Senior federal judge dies

Published 9:11 am Monday, September 8, 2008

Senior U.S. District Judge William Brevard Hand, appointed to the bench by President Nixon in 1971 and later known for his ruling in support of school prayer, died Saturday in Mobile. He was 84.

Hand died one week after he fell and broke his leg, said his clerk, Deborah Farmer. Hand had heart surgery about five years ago and complications left him weak in his left leg.

Federal court records show that Hand had been active in cases as recently as last month.

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One of Hand’s best known rulings concerned religion in public schools.

In 1982, after a local lawyer sued to remove prayer in Alabama’s public schools, Hand ruled in favor of classroom prayer, saying essentially that a federal law striking down the practice didn’t apply to states.

His ruling was eventually overturned on appeal, and a group of local Christians, in response, sued to remove from classrooms textbooks that espoused what they called “secular humanism,” a “godless religion.”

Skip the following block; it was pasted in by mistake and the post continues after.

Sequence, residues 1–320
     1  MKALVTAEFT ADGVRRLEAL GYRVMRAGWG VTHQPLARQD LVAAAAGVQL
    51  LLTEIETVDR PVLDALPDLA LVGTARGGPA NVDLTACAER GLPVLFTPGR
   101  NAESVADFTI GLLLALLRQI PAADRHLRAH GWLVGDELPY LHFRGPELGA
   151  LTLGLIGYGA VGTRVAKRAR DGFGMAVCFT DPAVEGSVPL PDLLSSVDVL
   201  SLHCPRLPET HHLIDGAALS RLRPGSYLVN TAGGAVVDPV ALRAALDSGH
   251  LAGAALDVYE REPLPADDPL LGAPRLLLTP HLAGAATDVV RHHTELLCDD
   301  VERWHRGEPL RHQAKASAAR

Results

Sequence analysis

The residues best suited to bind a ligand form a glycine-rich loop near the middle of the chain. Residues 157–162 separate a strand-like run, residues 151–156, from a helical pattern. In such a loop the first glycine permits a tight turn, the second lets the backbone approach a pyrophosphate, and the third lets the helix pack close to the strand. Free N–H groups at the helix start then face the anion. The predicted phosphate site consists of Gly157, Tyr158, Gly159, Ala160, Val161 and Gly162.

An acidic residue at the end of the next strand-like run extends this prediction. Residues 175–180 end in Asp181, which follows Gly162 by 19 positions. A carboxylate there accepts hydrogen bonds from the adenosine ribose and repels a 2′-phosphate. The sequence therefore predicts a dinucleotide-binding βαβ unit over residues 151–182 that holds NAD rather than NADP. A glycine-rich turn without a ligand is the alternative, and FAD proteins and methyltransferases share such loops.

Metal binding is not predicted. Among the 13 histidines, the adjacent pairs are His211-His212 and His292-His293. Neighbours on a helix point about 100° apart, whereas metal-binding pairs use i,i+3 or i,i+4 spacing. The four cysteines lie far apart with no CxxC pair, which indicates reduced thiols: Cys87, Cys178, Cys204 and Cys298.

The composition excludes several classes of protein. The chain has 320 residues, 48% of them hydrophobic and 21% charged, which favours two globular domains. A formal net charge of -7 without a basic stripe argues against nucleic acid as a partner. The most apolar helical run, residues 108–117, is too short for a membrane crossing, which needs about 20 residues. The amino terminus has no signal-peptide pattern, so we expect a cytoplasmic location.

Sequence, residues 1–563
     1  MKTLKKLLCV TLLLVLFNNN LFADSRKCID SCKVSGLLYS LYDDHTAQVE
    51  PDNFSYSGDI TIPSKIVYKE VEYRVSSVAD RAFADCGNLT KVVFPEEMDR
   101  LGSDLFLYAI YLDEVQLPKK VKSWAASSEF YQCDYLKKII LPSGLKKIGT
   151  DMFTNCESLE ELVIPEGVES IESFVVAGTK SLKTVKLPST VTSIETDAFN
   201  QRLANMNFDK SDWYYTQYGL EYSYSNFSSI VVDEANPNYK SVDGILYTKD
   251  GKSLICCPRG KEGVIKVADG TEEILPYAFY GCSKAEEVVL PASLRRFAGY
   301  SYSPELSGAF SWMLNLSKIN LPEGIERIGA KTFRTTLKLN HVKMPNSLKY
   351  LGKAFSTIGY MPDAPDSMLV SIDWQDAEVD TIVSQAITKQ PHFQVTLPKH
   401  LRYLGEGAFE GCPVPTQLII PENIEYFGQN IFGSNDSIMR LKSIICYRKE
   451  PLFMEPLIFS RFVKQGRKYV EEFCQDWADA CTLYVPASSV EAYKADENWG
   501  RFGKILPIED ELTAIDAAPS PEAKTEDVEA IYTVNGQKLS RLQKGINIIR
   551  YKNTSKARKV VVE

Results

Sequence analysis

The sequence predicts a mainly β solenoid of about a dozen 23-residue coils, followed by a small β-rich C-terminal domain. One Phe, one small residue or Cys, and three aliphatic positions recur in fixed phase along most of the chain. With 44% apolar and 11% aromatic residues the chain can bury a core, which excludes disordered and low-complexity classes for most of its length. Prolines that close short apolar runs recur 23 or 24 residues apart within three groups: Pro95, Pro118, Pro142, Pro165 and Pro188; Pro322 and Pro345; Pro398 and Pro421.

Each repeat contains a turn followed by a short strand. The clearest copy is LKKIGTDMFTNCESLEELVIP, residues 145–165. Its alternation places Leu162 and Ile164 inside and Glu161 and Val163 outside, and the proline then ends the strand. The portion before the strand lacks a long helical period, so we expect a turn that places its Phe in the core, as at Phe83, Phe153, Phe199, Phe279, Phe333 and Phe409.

Hand received that argument favorably: “If this court is compelled to purge, ‘God is great, God is good, we thank Him for our daily food’ from the classroom, this court must also purge from the classroom those things that serve to teach that salvation is through oneself rather than through a deity,” he wrote.

He ordered 44 textbooks removed from local schools. But that ruling, too, was eventually overturned.

“He was smart, he was a man of deep beliefs,” said Virgil Pittman, a retired federal judge who served alongside Hand for 35 years and represented an ideology juxtaposed to Hand’s conservatism. “We often had opposite views, but we always disagreed very agreeably.”

Hand resided in his native Mobile and spent most weekends at his family’s estate in Shubuta, Miss., northeast of Hattiesburg.

Hand earned his law degree at the University of Alabama.

He served in Europe as a combat infantry rifleman during World War II, fighting in the Battle of the Bulge as well as with the occupation army in Czechoslovakia.

When he returned stateside he went into law, working for the firm his father, Charles, had helped found, now called Hand Arendall. He married Allison Denby, and they had three daughters.

His wife of 60 years died in April.

Besides his daughters, survivors include seven grandchildren and three great-grandchildren.

A memorial will be scheduled at noon Tuesday at Dauphin Way United Methodist Church.